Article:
await the doom with these words:
"Let us turn our attention for tho moment
from statecraft to tho homely but osschtlhl joys
of domestic life." -
Fellow citizens, you surely miist havo started
"holl-a-poppln'," to use Senator Hitchcock's ex
But cheer up! All may not bo lost; ;Thos
self-appointed guardians of ours may. yot show
us tho way to avoid tho cataclysm. Omabtt
BRYAN GOING AS DELEGATE
By the election of William Jehnlrtgri 'Bryan aa
delegate-at-largo from Nebraska to tho; Demo
cratic national convention tho position dJT tho
temperance forces in that convention was
strengthened beyond power to calculate and tho,
last hope of tho wets to get a moist plank in
tho party platform seems to havo dijirfp'tfcared.
With Mr. Bryan will go one of his strongest
supporters as another delegateial-largc, thufl
giving the Bryan men two of the four dclogatcs-
Tho issue was fought out in a clear-cut man
ner. For weeks tho wets had been makinfe'their
claims that they would eliminate Mr; -Bryan.
Senator Hitchcock had declared for llghtTwJnes
and beers. Had the Nebraska primary rejected,
Mr. Bryan it would havo given the wettf not only
an advantage in tho matter Of delegates1 but
strong support throughout the country for their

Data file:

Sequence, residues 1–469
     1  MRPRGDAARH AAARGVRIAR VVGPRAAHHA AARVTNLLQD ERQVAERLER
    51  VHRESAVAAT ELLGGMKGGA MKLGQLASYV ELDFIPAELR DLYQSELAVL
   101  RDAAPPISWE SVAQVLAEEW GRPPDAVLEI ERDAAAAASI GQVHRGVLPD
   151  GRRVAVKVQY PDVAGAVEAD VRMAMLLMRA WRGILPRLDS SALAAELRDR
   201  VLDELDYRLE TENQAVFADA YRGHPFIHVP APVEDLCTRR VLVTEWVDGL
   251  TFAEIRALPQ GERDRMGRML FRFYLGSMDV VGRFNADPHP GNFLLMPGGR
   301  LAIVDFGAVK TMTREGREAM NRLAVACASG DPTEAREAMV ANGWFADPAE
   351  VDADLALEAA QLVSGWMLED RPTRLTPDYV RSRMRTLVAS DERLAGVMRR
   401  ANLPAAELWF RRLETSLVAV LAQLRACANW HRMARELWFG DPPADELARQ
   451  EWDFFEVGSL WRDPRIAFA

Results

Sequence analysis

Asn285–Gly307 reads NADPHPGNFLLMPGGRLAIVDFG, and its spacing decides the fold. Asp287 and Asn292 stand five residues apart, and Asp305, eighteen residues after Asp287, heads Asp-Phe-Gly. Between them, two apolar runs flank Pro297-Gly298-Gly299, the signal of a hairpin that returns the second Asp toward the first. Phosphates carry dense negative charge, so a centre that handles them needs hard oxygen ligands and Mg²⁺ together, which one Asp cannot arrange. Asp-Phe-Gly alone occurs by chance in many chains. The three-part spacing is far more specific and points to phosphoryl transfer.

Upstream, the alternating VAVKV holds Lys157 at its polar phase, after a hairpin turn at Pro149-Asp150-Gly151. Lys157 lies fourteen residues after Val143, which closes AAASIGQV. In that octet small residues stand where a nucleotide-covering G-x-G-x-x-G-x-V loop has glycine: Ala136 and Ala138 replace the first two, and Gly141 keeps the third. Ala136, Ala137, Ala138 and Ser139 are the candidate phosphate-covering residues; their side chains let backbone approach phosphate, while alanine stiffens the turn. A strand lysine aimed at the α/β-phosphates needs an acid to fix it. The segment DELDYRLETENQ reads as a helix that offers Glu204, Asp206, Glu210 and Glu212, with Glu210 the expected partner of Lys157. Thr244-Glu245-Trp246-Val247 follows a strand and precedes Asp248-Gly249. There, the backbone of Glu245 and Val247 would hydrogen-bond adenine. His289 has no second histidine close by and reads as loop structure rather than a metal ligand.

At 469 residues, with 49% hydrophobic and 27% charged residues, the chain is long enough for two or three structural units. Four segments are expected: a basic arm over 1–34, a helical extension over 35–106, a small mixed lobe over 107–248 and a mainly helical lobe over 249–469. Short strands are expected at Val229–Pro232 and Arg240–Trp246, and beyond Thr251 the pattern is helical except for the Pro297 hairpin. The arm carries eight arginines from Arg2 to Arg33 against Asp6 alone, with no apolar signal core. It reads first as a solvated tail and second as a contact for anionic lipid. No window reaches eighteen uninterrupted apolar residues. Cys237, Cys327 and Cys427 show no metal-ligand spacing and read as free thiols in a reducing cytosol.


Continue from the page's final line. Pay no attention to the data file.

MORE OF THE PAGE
contention that tho Democratic platform must
declare for light wines and beers. Tioy wouljl
have used -the results as propaganda to show that
there is a strong reaction against prohibition.
Of course, the flght is not wholly over. There
will be wet delegates in both national conven
tions, but the position, of the wets has beefa un-'
dermiped by the Nebraska result to such an ex
tent that it has practically fallen to pieces.
American Issue (Pennsylvania Edition).
MR. BRYAN'S TRIUMPH IN NEBRASKA
The esteemed New York World which has
cultivated a unique and thorough dislike for Mr,
Bryan since ho became so successful an opponent
of the saloon and the liquor trafflc, affects to
see In tho results of tho Nebrasaka election for
national convention delegates, a "defeat" for
Mr. Bryan, presumably he was not elected un
animously. As a matter of fact, that ho was elected at
all was a distinct triumph for Mr. Bryan. A
relentless and bitter flght was made against
him. Everything that CQuld be done within rea
son, and some quite outside of reason, was done
to prevent his -going as a delegate to tho Demo
cratic National Convention. That was tho ono
thing quite distinctly, not wanted by certain of
the less Democratic elements of the Democratic
party. To prevent Mr. Bryan being a delegate,
would not only be to Impair his influence, but
it would also remove the most formidable pos
sible opponent at tbe convention of those certain
Powered by Open ONI